The Little Library Movement: How to Jump On

Tiny libraries lead to big lives with the little library movement. Dive into these literary treasure troves and see how you can get involved.

Published August 18, 2023
little free library outside

You might see little libraries set just back from the street, sometimes a cleverly decorated box on a shelf. They're slowly but steadily popping up throughout communities, much like bookworms that slowly devour their way through their to-be-read pile.

It's a free book exchange program for anyone who wants to read or share their own books, and there's no easier way to spread stories than with a little library.

What Is a Little Library?

A little library or Little Free Library is the brainchild of a nonprofit organization that looks to bring books to communities across the country — no matter which state or county, regardless of a population of two million or a population of twenty. For the Little Free Library, books are a chance for all to dive into a book regardless of "time, space, or privilege."

So, then, what is a physical little library? It's precisely that, a tiny, little library that's no more than a box. You can find them throughout neighborhoods, looking much like a birdhouse with a door on the front to keep the books safe regardless of the weather.

Because they're outside or in the community, they're a way to provide free book access, 24 hours a day, 7 days a week. Some people even make a day out of little free library hunting.

@savysbookshelves little free library hunting!  i CANNOT believe all the good books i found today! definitely my best lfl hunting session yet! #BookTok #bookrecommendations #booktokrecommendations #5starreads #booksyoushouldread #littlefreelibrary #littlefreelibraryhunting #cresentcity #sarahjmaasbooks #rileysager #frombloodandash #thrillerbooks #bookgirlies #bookaesthetic #barnesandnoble  Chill Vibes - Tollan Kim

How Little Libraries Work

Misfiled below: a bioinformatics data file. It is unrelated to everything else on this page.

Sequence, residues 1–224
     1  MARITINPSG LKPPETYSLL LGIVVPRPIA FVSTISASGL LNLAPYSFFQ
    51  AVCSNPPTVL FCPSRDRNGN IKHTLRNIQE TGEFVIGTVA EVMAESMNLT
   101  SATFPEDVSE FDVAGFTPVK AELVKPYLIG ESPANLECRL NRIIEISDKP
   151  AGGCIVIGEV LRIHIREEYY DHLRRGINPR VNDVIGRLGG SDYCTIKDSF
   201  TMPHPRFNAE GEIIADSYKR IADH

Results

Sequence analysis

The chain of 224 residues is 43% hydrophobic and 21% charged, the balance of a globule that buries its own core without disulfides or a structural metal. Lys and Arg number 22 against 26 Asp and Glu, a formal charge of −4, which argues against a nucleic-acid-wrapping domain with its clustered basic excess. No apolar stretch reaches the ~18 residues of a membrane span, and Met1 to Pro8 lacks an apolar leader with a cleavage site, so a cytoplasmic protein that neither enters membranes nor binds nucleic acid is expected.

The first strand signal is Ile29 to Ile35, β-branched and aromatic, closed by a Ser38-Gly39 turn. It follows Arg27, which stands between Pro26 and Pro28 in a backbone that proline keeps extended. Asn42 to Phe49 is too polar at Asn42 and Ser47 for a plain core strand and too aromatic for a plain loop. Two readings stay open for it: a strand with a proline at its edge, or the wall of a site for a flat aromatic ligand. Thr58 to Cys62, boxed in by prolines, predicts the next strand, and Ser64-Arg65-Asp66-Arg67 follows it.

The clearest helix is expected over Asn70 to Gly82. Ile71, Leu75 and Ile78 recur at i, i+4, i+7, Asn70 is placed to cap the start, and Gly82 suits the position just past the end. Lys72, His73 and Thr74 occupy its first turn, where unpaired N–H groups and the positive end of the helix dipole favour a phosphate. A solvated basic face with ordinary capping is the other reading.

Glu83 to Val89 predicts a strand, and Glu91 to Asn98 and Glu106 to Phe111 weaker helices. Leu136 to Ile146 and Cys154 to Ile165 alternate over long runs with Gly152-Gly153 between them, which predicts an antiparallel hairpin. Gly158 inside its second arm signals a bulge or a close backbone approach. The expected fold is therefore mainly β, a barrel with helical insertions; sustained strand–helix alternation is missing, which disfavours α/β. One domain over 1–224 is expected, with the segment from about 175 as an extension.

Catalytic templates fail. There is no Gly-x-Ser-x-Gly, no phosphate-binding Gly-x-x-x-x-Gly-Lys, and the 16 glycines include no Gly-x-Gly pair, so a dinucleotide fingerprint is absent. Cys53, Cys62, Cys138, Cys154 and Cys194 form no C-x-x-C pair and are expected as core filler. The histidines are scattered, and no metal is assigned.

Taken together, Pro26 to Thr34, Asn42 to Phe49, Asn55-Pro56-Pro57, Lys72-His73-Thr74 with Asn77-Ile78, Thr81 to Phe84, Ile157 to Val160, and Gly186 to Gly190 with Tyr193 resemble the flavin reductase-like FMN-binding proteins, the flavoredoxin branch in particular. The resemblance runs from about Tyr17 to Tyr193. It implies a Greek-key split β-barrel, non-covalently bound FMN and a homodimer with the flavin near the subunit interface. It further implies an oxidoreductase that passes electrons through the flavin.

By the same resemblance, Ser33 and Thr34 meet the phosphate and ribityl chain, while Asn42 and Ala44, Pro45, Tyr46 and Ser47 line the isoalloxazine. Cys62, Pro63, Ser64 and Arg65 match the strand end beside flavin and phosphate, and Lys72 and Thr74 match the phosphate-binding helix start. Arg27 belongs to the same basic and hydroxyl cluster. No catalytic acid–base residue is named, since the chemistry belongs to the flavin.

A Little Free Library is the responsibility of a community member or members who want to sponsor one. For communities that may not have the financial resources or other underserved areas, the Little Free Library offers grants for no-cost outposts. 

Like take a penny, leave a penny, the same idea applies to the library. The book exchange is accessible to anyone who walks by and happens to spot a book that catches their eye. And you don't need to worry about a library card or late fees. All you need to do is consult the map.

Cute red wood little library

Tips to Start Your Own Little Library

Anyone can start a little library. Here's how:

  1. Find a location in your community. If you aren't putting it on your own property, you'll need to get permission from the property owner to place it there. Local businesses (like coffee shops) may allow you to place the library inside or outside. Check with your local government for city-owned properties like community parks. 
  2. Register your little free library to get the ball rolling.
  3. The next step is to either purchase a little library or build your own with blueprints. Typically, a purchased one runs around $180 to $400, depending on the size. 
  4. Your library is given a unique charter sign that will provide any and all relevant information to the little library network and anyone who is searching for a local little library in their neighborhood or community. 
  5. Clean out your own book collection and invite friends and family to do the same to stock it up. Then spread the word! 
Quick Tip

If the cost of a little library or building your own isn't quite manageable, we get that, and you can always tap into your community. Consider local scout troops, carpenters, or centers that might be interested in teaming up with you to make the little library a reality. Of course, you can also upcycle some furniture you already have. 

How to Donate to a Little Library

All it takes to donate to a little library is to find the closest one to you! Grab the book or the handful of books you want to add to the collection. If the shelves are overflowing, you may want to find another, as you don't want to jam books in and tear or rip pages and covers. 

Some libraries are monitored by businesses, public libraries, schools, or even grocery stores, so with the same errand when you're picking up the kids, grabbing some milk, or swinging by the bank, you can also donate a book or four. Or borrow a book! 

What Types of Books Should I Donate?

Like a typical library, you'll often find an array of different book genres from library to library, with no two stock being exactly alike. Some libraries may request specific types of books, but others are simply a revolving door of books, regardless of genre. 

Some libraries take part in "Read in Color." This is a program that helps to bring voices and narratives to the world, including LGBTQ+ and BIPOC, that may not otherwise be accessible to children and adults. 

family visiting little library

Little in Size, Big in Heart

The next time you're taking a walk or out and about in your community, keep your eyes peeled for a little library. You can even make a day of it and go on a scavenger hunt for all the local little libraries. Don't forget to bring a few books along to fill in any empty spaces! 

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The Little Library Movement: How to Jump On